Each week you can expect to find an assignment like this one on the 6.033 home page on the Web, telling you what you should read over the course of the following week. Occasionally we will be organized enough to predict the readings a few days beyond the next Tuesday. Numbered readings, such as "reading #2," refer to materials in the packet you pick up from the EECS Instrument Room (38-501).
Each week you are expected to complete a reading report. The reading report is a short (one page) written report due at the beginning of every Tuesday recitation. The specific topic to be addressed in the report will be given on the previous week's assignment sheet. In recitation you should be preparedto talk about the whole paper, not just the particular point of the writing assignment.
Read Saltzer, Chapter 1 (reading #3), and begin reading the paper by Simon, "The Architecture of Complexity" (reading #4).
Finish reading Simon, "The Architecture of Complexity" (reading #4). Simon discusses the power of hierarchy using an astonishing variety of examples from many fields. As a personal exercise, after reading the paper, you may want to identify two examples of the use of hierarchy in Project Athena, and understand how hierarchy provided significant leverage or advantage.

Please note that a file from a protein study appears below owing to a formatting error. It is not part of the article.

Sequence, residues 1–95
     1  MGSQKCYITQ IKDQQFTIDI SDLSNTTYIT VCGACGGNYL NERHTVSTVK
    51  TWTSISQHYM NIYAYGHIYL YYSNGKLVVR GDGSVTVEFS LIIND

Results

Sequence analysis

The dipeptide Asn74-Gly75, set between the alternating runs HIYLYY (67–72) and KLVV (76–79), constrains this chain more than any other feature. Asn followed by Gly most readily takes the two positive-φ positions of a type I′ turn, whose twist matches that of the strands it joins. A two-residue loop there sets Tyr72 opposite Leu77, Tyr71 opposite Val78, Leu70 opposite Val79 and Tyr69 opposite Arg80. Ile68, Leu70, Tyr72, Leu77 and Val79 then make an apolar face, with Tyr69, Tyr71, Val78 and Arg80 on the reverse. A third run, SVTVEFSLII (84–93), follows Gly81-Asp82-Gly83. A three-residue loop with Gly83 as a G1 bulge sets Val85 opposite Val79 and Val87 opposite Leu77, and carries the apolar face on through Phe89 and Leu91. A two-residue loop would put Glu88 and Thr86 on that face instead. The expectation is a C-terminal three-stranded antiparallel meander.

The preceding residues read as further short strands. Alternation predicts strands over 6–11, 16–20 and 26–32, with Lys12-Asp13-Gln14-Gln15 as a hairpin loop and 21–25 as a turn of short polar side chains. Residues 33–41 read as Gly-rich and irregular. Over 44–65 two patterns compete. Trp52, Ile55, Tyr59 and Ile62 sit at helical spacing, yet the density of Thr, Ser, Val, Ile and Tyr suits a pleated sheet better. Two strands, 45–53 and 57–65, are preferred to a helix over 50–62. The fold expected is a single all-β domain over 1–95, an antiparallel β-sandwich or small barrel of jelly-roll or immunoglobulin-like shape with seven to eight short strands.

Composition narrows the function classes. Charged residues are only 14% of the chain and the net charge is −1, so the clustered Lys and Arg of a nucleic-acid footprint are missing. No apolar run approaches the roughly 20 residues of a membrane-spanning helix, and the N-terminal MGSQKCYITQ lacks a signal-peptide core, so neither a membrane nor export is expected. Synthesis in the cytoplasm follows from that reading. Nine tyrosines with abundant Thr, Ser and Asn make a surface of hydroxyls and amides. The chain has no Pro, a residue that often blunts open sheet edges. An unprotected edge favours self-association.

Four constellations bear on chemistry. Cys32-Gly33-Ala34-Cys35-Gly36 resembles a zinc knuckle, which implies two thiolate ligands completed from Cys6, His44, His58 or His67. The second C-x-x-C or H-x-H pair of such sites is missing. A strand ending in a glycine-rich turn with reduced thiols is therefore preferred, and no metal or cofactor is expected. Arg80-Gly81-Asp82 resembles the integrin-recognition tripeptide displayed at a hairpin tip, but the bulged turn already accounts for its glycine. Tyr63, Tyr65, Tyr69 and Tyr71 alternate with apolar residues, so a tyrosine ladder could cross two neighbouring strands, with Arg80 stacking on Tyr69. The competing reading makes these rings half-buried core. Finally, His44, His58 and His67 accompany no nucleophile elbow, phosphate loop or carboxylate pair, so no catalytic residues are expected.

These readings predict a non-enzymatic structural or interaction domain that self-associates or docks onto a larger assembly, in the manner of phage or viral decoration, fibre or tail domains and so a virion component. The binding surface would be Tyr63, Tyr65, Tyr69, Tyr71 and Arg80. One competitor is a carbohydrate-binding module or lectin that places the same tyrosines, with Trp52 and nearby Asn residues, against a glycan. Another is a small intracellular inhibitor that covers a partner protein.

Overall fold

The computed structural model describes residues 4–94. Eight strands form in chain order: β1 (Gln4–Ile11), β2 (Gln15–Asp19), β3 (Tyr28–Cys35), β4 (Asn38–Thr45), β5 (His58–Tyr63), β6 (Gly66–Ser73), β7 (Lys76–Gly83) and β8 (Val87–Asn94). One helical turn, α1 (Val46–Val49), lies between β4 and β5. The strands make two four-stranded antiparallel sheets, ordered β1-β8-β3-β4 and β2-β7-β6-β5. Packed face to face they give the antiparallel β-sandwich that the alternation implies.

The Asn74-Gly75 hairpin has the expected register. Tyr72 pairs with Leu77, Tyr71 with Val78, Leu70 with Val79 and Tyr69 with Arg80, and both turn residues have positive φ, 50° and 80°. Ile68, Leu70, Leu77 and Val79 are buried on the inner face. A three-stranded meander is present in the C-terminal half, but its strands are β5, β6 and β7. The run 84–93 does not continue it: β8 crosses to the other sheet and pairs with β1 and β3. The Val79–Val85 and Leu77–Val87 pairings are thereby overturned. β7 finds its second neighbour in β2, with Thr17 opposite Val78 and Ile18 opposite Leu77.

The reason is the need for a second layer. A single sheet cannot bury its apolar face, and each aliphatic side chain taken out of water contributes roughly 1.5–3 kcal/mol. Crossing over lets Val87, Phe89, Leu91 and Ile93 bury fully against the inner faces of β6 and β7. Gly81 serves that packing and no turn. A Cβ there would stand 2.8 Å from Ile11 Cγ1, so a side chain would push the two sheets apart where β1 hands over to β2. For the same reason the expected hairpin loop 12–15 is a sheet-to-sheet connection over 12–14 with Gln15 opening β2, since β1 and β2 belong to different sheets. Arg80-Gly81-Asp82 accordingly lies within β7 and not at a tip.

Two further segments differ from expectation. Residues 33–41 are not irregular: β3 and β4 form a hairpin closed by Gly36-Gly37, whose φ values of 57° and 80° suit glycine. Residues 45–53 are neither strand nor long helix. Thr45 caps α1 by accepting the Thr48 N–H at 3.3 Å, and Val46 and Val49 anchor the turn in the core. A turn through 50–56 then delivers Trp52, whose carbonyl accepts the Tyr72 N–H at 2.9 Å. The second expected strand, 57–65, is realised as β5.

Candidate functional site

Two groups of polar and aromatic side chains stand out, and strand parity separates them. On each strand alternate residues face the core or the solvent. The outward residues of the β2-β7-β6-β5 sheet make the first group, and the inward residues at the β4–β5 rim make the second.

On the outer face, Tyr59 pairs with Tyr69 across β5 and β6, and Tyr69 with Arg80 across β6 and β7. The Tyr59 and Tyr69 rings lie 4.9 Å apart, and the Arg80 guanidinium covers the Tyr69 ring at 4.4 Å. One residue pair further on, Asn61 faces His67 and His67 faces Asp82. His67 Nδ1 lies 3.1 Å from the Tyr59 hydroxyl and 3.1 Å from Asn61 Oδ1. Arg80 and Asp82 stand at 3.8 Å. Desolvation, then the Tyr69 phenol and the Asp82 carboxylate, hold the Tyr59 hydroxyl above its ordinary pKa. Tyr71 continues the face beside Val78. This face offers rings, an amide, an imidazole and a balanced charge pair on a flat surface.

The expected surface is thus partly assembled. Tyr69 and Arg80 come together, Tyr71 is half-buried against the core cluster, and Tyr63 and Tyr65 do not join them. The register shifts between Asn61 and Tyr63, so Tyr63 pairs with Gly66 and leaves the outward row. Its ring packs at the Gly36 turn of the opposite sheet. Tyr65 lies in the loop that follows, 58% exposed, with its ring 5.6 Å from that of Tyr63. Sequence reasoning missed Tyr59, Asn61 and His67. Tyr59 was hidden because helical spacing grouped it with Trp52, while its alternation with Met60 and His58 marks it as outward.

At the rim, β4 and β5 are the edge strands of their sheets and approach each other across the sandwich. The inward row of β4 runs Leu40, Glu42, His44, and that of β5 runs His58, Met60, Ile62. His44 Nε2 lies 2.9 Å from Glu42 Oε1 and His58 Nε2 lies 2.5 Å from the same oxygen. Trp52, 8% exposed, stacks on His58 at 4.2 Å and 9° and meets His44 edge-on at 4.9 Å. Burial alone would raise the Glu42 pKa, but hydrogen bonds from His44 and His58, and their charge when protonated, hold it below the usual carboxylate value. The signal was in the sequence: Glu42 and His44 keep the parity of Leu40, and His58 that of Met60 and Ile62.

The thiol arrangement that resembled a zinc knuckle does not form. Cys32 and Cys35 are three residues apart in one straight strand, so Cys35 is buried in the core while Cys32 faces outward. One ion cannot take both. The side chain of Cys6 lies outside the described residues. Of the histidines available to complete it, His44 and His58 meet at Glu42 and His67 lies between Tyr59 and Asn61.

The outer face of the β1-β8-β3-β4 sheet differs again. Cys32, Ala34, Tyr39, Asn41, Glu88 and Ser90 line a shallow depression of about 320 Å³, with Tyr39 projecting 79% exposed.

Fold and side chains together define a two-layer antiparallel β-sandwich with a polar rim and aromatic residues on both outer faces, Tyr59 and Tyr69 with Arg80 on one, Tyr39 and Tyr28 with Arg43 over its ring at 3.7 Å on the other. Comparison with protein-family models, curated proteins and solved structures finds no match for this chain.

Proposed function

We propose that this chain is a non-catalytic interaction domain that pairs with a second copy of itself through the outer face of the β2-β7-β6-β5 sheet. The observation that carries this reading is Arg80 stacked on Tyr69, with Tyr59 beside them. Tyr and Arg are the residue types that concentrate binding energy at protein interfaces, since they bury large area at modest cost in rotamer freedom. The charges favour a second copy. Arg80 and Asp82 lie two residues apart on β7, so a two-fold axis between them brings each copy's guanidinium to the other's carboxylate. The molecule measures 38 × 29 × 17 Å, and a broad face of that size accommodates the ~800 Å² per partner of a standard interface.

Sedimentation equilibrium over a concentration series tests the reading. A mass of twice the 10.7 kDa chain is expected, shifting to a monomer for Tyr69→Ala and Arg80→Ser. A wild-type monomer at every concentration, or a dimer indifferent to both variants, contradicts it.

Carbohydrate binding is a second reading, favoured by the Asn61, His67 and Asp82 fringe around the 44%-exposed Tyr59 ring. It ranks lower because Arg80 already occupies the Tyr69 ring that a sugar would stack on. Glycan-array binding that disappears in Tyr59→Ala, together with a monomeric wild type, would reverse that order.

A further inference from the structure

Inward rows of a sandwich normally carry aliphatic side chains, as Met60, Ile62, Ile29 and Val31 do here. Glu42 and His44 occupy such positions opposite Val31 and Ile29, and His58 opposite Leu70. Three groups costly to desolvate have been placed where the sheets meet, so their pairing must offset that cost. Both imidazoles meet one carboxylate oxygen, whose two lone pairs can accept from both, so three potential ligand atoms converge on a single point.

In addition, read Gabriel's paper (reading #2). This is a lightweight paper, but makes a thought- provoking point. In general, we will have at most one heavy-duty technical paper per recitation, sometimes accompanied by an easy-to-read paper with up-to-date information, a thought-provoking point, an issue important to society, or high entertainment value.
This lecture is provided by the staff of the Writing Program, and is intended to help you do a better job on weekly one-page reports. In preparation for this lecture, read Gopen and Swan, "The Science of Scientific Writing" (reading #5).
Read Saltzer, Chapter 2 (reading #6).
Read the Leveson paper (reading #7) and write a one-page reading report that addresses the following question.
Despite the obvious problems with the Therac-25 system, several of the later accidents could have been prevented with better communication.In particular, where did the AECL go wrong in how they handled user complaints?
Check out the 1995 6.033 web pages for examples of good writing on one-page reading reports. Also, please check the 6.033 FAQ for formatting instructions.
After reading Leveson's paper you may be flabbergasted by how badly the Therac-25 systems were designed. The next reading (#8, Lampson's "Hints for computer system design") has a number of suggestions that often lead to better systems. If you have time and energy left, browse through this thoughtful paper. You might want to ask yourself which hints the designers of Therac-25 violated. Don't worry if you do not fully understand this paper yet (or if you only have time to skim it); it will be assigned again at the end of the term.
System aphorism of the week
There is no such thing as a small change in a large system.
6.033 Handout 2, issued 2/4/97